EU Member States reject the call to terminate intra-EU bilateral investment treaties

By Damon Vis-Dunbar
10 February 2009

The majority of European Union Member States want to maintain the network of bilateral investment treaties (BITs) that exist between themselves, despite concerns by the European Commission that these treaties have been superseded by European Community law, according to a memo by the EU’s Economic and Financial Committee (EFC).

The memo comes as a setback for the Commission, which warns that overlap between European Community law and BITs between EU Member States creates “legal uncertainty.”

The Commission raised its concern with the EFC in 2006, when it cautioned that “investors could try to practice forum shopping by submitting claims to BIT arbitration instead of —or additionally to—national courts. This could lead to BIT arbitration taking place without relevant questions of EC law being submitted to the ECJ, with unequal treatment of investors among Member States a possible outcome.”

However, the Commission’s opinion holds little sway over most EU states, according to a December 2008 letter by the EFC, a committee which includes representatives from the Finance Ministries and Central Banks of EU Member States.

« Most Member States did not share the Commission’s concern regarding arbitration risks and discriminatory treatment of investors and a clear majority of Member States preferred to maintain the existing agreements,” writes the EFC, in a letter to the President of the Council of the European Union.

Sergey Ripinsky, an expert on international investment treaty law at the British Institute of International and Comparative Law said: “Governments are likely to believe that BITs give their investors a higher level of protection abroad, compared to domestic laws of an EU host state or even EC law. For example, neither domestic systems nor European law include an obligation as broad or comprehensive as the Fair and Equitable Treatment obligation in BITs. Even more traditional provisions, such as the ones concerning expropriation, may be expressed in BITs in a stricter manner, leaving less discretion or margin of appreciation to host state governments.”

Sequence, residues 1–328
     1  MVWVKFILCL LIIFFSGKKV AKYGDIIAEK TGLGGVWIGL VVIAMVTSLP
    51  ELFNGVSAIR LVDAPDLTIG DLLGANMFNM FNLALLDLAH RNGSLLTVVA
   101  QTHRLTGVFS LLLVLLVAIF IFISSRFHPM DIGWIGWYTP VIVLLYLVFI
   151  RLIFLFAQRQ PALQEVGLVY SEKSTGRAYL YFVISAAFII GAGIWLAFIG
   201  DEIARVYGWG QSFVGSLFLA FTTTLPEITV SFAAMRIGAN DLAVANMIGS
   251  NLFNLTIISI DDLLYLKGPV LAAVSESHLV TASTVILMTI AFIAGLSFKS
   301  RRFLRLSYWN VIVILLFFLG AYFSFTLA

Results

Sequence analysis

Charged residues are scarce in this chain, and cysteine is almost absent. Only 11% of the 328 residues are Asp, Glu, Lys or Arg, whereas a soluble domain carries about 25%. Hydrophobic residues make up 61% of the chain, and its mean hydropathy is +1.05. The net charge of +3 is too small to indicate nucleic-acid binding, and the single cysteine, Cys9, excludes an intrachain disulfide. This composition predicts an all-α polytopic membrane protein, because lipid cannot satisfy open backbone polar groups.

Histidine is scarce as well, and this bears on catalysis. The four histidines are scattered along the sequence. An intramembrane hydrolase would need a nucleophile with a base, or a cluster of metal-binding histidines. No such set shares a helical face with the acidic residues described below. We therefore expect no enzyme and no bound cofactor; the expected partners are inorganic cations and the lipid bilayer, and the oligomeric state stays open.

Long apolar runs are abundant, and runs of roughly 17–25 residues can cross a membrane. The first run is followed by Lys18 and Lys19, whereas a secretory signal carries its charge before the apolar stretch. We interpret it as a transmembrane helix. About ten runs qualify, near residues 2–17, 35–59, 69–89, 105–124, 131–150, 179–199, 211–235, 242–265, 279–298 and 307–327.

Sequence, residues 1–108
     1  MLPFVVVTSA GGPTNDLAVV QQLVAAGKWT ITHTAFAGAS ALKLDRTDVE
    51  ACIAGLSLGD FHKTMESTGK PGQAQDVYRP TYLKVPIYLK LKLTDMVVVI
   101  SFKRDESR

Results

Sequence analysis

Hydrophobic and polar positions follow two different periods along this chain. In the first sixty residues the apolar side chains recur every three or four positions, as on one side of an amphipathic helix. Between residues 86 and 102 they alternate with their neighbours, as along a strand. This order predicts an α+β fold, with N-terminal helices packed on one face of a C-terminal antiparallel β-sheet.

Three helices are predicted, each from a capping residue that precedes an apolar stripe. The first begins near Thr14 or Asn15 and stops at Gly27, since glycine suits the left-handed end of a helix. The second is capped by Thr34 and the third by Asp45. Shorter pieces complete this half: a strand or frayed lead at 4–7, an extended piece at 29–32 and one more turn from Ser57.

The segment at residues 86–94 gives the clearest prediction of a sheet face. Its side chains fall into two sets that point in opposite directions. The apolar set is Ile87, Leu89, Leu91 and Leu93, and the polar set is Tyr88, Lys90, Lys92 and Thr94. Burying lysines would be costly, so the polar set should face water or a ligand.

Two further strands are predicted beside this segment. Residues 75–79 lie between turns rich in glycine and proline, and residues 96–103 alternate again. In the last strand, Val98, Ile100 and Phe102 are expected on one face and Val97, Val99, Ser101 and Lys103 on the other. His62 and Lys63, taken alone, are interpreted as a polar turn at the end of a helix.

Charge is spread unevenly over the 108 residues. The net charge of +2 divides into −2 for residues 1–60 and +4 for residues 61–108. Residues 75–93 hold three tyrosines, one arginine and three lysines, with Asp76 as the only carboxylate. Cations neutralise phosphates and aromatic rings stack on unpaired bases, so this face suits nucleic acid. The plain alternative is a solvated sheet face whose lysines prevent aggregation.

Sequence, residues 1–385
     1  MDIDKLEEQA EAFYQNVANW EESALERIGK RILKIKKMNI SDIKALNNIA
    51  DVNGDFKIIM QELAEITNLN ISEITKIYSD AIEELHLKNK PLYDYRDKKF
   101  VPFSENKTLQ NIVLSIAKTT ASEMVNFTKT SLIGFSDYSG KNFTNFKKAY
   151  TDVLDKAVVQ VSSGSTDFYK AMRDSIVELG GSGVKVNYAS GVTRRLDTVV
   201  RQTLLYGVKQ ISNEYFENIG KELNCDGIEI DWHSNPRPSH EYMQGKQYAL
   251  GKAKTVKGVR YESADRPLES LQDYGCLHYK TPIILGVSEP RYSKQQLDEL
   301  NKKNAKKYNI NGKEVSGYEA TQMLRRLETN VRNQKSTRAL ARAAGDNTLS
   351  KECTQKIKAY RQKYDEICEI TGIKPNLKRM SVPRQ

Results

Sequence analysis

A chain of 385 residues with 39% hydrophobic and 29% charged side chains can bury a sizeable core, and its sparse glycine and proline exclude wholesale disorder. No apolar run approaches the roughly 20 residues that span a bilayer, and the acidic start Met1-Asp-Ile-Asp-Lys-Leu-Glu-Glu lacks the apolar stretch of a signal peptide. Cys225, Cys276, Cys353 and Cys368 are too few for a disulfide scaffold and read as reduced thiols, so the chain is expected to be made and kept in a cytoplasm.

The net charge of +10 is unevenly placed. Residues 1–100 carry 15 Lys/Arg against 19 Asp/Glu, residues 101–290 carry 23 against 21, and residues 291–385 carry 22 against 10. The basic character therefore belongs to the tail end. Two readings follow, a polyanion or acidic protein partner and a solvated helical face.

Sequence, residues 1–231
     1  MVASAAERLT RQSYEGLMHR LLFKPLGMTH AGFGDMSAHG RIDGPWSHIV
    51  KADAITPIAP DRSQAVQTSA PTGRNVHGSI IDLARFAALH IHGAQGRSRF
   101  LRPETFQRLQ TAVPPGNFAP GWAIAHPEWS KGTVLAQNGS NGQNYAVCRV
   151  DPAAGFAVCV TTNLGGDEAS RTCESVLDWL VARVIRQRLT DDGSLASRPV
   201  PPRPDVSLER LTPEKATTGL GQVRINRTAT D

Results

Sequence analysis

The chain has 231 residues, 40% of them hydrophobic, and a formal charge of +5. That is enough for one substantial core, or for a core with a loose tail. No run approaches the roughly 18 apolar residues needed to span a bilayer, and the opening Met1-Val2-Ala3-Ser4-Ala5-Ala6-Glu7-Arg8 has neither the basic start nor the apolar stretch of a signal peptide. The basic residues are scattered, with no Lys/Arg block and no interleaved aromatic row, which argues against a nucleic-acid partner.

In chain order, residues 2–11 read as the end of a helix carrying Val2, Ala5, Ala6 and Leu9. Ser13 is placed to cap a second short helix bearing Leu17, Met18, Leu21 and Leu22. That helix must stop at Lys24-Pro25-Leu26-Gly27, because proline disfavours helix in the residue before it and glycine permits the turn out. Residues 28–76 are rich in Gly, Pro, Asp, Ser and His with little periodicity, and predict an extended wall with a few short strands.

However, Dr. Ripinsky adds that “the European Commission may feel that existing intra-EU BITs create discrimination between investors from different Member States and pose indirect obstacles to the free movement of capital. For example, Estonia has a BIT with Germany while it does not have one with Hungary. It could be argued that this places a Hungarian investor in Estonia at a disadvantage compared to his German counterpart.”

While the Commission has called for the termination of intra-EU BITs—i.e., investment treaties between two EU Member States—, it has also warned that certain provisions in the BITs between EU Member States and non-EU states pose a problem. As ITN has reported in the past, three countries —Finland, Austria and Sweden—currently face legal challenges brought by the European Commission at the European Court of Justice, after these countries refused to re-negotiate a number of their bilateral investment treaties with non-European states.

In these disputes, the Commission is primarily concerned about BIT provisions that grant foreign investors the rights to move capital freely, which the Commission says are incompatible with its right to restrict capital flows in extraordinary circumstances.

Although the ECJ cases concern extra-EU BITs, the EFC says that they may provide a clarification of the “basic principles involved in this complex area” with respect to intra-EU BITs. As such, the EFC says that the Commission will likely wait for the ECJ rulings, before determining its next steps.

For further ITN reporting, on the ECJ cases, see: “ECJ advocate general argues some Austrian and Swedish BITs are incompatible with EU law”, By Damon Vis-Dunbar, 17 July 2008, available here:

For reporting on EU investment policy, see: “European treaty may revive debate over power to conclude investment agreements”, By Damon Vis-Dunbar, 30 October 2007, available here: